Since 1964, the Pearl Harbor Survivors Association, whose numbers dwindle every year, has lit the summit beacon, known as the "Eye of Diablo."
The beacon was originally built in 1928 to encourage commercial aviation by aiding night flights, said Ron Brown, executive director of the nonprofit Save Mount Diablo, which co-sponsors the annual event.
The beacon was turned off in 1941 after the attacks and has since sustained extensive damage, Brown said. Weather conditions and being turned on only once a year have left the beacon without necessary ongoing maintenance; its bearings have deteriorated, the wiring is less than reliable, and mechanisms need to be refurbished or replaced.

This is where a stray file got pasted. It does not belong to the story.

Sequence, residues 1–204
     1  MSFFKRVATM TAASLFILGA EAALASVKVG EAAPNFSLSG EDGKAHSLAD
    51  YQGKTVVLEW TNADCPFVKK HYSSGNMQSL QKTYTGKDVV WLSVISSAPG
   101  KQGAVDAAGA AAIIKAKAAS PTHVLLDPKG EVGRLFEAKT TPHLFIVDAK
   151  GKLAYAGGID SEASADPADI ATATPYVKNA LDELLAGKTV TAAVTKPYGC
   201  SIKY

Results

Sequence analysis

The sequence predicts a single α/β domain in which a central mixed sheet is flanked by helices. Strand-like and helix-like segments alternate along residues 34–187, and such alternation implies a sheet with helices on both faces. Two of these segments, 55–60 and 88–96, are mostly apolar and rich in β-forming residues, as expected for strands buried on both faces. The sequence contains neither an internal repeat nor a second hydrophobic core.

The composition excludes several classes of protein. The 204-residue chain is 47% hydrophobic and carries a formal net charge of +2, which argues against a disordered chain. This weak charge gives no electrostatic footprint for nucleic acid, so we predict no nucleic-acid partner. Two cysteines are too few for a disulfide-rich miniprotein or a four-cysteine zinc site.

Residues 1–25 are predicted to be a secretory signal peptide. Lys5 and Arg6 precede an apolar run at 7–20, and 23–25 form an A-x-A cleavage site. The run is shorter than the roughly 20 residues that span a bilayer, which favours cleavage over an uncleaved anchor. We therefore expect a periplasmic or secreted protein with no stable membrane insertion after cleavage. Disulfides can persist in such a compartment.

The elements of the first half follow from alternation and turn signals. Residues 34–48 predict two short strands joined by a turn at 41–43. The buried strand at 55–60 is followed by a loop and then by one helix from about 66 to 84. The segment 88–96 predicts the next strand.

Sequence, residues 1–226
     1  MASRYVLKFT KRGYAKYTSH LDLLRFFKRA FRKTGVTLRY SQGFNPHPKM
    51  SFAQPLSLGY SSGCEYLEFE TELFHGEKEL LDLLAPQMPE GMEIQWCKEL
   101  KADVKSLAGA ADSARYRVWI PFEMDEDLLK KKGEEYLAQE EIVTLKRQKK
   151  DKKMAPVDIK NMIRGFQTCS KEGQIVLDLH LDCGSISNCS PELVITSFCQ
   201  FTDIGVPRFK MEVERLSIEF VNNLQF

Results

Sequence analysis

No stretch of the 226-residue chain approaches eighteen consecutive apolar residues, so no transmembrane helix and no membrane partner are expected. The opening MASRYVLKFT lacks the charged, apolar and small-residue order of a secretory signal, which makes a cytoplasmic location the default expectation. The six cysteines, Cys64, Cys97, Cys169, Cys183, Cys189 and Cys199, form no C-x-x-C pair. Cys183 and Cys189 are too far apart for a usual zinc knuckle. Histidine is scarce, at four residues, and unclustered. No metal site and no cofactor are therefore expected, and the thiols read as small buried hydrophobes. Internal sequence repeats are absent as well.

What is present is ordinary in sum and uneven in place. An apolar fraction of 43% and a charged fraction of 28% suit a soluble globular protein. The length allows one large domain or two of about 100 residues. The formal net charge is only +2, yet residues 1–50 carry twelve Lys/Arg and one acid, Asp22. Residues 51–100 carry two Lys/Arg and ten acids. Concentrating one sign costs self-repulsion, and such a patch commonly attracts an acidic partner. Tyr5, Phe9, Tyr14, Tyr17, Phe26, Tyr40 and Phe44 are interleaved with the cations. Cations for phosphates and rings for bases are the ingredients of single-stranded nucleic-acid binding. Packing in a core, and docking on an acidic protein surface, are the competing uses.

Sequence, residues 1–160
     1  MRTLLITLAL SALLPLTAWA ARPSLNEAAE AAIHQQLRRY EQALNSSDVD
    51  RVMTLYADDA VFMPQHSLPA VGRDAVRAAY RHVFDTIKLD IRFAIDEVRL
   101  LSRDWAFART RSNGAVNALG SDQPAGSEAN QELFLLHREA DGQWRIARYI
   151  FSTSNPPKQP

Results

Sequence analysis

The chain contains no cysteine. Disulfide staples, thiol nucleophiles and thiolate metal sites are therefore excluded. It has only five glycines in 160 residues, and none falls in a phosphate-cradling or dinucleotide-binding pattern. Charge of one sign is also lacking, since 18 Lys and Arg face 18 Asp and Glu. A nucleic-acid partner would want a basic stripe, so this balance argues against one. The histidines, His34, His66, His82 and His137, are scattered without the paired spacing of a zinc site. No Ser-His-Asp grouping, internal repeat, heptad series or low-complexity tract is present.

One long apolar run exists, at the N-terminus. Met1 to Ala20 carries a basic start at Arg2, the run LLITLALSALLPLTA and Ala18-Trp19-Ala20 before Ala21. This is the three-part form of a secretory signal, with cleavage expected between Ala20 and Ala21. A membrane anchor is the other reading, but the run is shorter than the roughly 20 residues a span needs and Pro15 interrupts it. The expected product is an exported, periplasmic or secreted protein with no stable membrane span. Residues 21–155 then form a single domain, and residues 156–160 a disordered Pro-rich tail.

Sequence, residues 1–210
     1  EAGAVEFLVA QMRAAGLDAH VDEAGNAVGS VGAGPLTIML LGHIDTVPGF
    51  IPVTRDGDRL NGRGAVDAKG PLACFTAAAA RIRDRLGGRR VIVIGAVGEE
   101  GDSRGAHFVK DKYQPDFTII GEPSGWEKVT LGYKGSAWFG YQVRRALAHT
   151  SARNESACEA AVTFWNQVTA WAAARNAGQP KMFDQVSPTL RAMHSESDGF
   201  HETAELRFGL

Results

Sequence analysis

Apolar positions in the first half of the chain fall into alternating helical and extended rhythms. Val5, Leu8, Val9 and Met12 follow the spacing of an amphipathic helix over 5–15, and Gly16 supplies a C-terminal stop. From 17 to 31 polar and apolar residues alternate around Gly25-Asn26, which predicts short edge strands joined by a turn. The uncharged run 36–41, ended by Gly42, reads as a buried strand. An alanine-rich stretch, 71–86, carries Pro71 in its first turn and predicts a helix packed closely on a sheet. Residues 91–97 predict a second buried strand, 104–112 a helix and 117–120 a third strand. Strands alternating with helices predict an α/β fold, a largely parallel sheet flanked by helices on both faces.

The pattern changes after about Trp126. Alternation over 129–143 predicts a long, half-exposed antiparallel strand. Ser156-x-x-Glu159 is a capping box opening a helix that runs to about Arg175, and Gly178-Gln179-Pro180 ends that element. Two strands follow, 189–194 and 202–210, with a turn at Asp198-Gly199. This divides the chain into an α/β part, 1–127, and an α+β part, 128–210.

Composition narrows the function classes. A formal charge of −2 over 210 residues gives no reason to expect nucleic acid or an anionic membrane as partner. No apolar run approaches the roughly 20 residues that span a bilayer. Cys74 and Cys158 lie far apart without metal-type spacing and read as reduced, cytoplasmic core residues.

Still, Brown expects the beacon to light for the 48th annual ceremony, which begins at 3:45 p.m. Four to five Pearl Harbor survivors are expected to attend the event and share their memories. The hour-long event will also feature a guest speaker.
"At the conclusion of the ceremony, everybody goes to outside from the summit building and one of the survivors will flip the switch to turn the beacon on," Brown said. "It will shine until the next morning as a beacon of remembrance for those who served their country."
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